The Essence of the Juryo Chapter
When the Lord Shakyamuni expounded the
Juryo chapter, he said, making reference to what
all living beings had heard in the pre-Lotus Sutra teachings
and in the theoretical teaching of the Lotus Sutra: "All
gods, men and asuras of this world believe that after leaving
the palace of the Shakyas, Shakyamuni Buddha seated himself
at the place of meditation not far from the city of Gaya1
and attained the supreme enlightenment."2
This statement shows the idea held by all the Buddhas
disciples and the great bodhisattvas from the time they
heard Shakyamuni preach his first sermon in the Kegon Sutra,
up through the time he expounded the Anrakugyo3
chapter of the Lotus Sutra.
We find two flaws in the pre-Lotus Sutra
teachings. First, [as Miao-lo says,] "Because they
teach that the Ten Worlds are separate from one another,
they fail to move beyond the provisional doctrines."4
That is, they do not reveal the theory of ichinen sanzen,
the principle of discarding the provisional and revealing
the true,5 or the capacity
of those in the two vehicles to attain Buddhahood, all of
which are implicit in the doctrine of the ten factors stated
in the Hoben chapter of the theoretical teaching.
Second, "Because they teach that Shakyamuni
first attained enlightenment in this world, they fail to
discard the Buddhas provisional status."6
Thus they do not reveal the Buddhas original enlightenment
expounded in the Juryo chapter. These two great doctrines
[the attainment of Buddhahood by those of the two vehicles
and the Buddhas original enlightenment] are the core
of the Buddhas lifetime teachings, the very heart
and marrow of all the sutras.
The theoretical teaching states that persons
in the two realms of shomon and engaku can
attain Buddhahood, thus avoiding one of the shortcomings
found in the sutras expounded during the first forty years
and more of the Buddhas preaching. However, since
the Juryo chapter had not yet been expounded, the
true doctrine of ichinen sanzen remained obscure
and the enlightenment of those in the two vehicles was not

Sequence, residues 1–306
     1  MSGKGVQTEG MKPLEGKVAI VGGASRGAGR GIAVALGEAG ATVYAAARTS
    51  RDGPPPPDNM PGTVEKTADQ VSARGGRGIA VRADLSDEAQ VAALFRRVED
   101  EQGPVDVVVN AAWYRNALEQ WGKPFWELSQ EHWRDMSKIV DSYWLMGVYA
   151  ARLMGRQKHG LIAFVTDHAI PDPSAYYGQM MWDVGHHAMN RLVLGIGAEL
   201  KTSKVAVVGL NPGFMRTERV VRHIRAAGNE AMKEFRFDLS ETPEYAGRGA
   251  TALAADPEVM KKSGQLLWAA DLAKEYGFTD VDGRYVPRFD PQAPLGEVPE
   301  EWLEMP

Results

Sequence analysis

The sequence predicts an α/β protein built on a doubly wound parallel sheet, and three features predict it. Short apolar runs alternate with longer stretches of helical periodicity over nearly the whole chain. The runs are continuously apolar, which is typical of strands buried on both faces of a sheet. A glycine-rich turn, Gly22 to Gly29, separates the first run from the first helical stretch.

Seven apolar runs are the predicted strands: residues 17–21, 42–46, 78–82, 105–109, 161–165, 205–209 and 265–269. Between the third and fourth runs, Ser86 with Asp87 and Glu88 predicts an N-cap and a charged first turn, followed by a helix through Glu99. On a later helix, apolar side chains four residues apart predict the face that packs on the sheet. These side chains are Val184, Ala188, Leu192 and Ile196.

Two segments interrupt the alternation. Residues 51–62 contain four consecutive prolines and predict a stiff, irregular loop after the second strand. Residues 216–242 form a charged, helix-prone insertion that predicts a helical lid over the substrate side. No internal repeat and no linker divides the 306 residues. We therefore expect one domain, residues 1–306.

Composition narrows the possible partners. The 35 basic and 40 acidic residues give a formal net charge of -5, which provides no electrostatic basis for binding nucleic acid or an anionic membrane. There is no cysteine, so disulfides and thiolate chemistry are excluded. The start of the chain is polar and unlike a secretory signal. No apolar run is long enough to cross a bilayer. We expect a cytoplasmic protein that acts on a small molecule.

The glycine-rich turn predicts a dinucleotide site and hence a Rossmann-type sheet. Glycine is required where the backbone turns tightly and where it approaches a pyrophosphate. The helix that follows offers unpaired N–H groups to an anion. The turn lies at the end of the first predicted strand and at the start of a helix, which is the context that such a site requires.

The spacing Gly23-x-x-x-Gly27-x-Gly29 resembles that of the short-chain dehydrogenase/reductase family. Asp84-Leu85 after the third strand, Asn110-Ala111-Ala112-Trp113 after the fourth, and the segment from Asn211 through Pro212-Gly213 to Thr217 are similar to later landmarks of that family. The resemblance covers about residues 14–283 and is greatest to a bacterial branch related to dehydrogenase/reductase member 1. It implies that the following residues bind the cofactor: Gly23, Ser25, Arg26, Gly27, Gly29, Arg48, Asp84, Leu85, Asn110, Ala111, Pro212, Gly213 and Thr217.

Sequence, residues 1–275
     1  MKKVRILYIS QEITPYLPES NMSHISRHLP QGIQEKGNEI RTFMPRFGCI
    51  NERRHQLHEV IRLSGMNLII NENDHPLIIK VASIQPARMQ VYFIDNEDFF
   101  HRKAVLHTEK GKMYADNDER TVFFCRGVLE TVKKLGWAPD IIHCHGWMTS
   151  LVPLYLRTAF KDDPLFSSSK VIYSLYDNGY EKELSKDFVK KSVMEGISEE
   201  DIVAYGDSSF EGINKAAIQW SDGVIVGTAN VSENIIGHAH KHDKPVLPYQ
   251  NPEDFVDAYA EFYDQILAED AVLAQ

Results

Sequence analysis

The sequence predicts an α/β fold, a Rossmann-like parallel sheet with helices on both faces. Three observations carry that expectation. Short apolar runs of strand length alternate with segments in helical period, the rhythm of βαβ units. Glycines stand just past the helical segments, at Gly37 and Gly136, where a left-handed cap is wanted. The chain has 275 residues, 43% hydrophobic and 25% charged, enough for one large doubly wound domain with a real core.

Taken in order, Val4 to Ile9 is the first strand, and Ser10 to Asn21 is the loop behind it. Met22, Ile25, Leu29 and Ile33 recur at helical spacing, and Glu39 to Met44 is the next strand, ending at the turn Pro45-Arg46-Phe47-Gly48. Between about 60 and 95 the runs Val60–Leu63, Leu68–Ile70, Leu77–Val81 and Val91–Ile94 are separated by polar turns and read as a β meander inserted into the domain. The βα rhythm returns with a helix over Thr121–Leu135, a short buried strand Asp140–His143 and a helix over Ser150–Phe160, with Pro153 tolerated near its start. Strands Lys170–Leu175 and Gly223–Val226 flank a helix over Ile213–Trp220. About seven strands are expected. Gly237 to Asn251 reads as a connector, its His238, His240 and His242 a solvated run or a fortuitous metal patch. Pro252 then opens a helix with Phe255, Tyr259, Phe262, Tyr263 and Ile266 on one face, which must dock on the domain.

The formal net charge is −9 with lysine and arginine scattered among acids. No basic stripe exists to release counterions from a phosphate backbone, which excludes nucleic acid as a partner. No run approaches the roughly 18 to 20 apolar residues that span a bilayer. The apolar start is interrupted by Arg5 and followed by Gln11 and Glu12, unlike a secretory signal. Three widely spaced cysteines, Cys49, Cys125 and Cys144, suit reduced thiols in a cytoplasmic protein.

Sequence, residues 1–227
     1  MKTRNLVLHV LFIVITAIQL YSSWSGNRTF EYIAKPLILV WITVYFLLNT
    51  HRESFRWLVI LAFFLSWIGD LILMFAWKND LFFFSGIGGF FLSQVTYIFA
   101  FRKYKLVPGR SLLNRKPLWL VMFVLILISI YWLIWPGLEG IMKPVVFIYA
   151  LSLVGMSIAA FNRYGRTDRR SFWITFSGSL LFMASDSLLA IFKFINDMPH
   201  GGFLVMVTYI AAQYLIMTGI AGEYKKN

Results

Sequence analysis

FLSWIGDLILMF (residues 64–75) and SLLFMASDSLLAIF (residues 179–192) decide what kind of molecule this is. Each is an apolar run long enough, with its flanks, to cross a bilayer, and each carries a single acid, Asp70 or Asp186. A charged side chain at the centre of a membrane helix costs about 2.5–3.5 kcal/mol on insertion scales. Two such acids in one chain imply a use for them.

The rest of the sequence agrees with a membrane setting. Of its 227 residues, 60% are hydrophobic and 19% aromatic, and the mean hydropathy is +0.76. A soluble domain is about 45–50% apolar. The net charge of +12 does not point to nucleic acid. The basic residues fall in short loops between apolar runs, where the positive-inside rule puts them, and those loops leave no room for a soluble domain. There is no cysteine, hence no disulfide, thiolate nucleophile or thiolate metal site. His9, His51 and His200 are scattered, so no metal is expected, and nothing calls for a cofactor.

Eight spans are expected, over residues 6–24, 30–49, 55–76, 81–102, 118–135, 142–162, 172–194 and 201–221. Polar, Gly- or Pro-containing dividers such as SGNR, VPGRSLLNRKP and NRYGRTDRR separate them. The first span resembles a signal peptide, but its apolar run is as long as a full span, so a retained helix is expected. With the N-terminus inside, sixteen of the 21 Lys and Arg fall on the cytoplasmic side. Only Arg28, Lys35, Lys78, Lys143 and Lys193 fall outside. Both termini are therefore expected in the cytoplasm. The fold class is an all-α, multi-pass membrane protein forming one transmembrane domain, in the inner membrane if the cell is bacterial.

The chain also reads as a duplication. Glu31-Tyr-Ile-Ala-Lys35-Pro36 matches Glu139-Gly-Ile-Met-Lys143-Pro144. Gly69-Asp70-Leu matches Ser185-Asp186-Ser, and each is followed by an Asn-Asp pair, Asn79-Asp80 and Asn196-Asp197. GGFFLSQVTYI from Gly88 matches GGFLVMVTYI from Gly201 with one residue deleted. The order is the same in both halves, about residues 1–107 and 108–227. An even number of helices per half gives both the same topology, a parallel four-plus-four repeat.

assured. In these respects the theoretical teaching does
not differ from the moons reflection on the water
or rootless plants drifting on the waves.
The Buddha also stated: "However,
men of devout faith, the time is limitless and boundless
- a hundred, thousand, ten thousand, hundred thousand, nayuta7
aeons -- since I in fact attained Buddhahood."8
With this single proclamation, he refuted as great falsehoods
the words of the Kegon Sutra, which states that Shakyamuni
attained Buddhahood for the first time in this world; the
Avon sutras, which speak of his "first attainment of
the path"; the Vimalakirti Sutra, which reads, "For
the first time the Buddha sat beneath the tree"; the
Daijuku Sutra, which states, "It is sixteen
years since the Buddha first attained enlightenment";
the Dainichi Sutra, which describes the Buddhas
enlightenment as having taken place "some years ago
when I sat in the place of meditation"; the Ninno
Sutra, which refers to the Buddhas enlightenment as
an event of "twenty-nine years ago"; the Muryogi
Sutra, which states, "Previously I went to the
place of meditation"; and the Hoben chapter
of the Lotus Sutra, which says, "When I first sat in
the place of meditation."
When we come to the Juryo chapter
of the essential teaching the belief that Shakyamuni attained
Buddhahood for the first time in India is demolished, and
the effects [enlightenment] of the four teachings9
are likewise demolished. When the effects of the four teachings
are demolished, their causes are likewise demolished. "Causes"
here refers to Buddhist practice [to attain enlightenment]
or to the stage of disciples engaged in practice. Thus the
causes and effects as expounded in both the pre-Lotus Sutra
teachings and the theoretical teaching of the Lotus Sutra
are wiped out, and the cause and effect of the Ten Worlds10
in the essential teaching are revealed. This is the doctrine
of original cause and original effect. It teaches that the
nine worlds are all present in the beginningless Buddhahood,
and that Buddhahood exists in the beginningless nine worlds.
It is the true mutual possession of the Ten Worlds, the
true hundred worlds and thousand factors,11
the true ichinen sanzen.
Considered in this light, it is evident
that Vairochana Buddha seated on a lotus pedestal as depicted
in the Kegon Sutra, the sixteen-foot Shakyamuni described
in the Agon sutras,12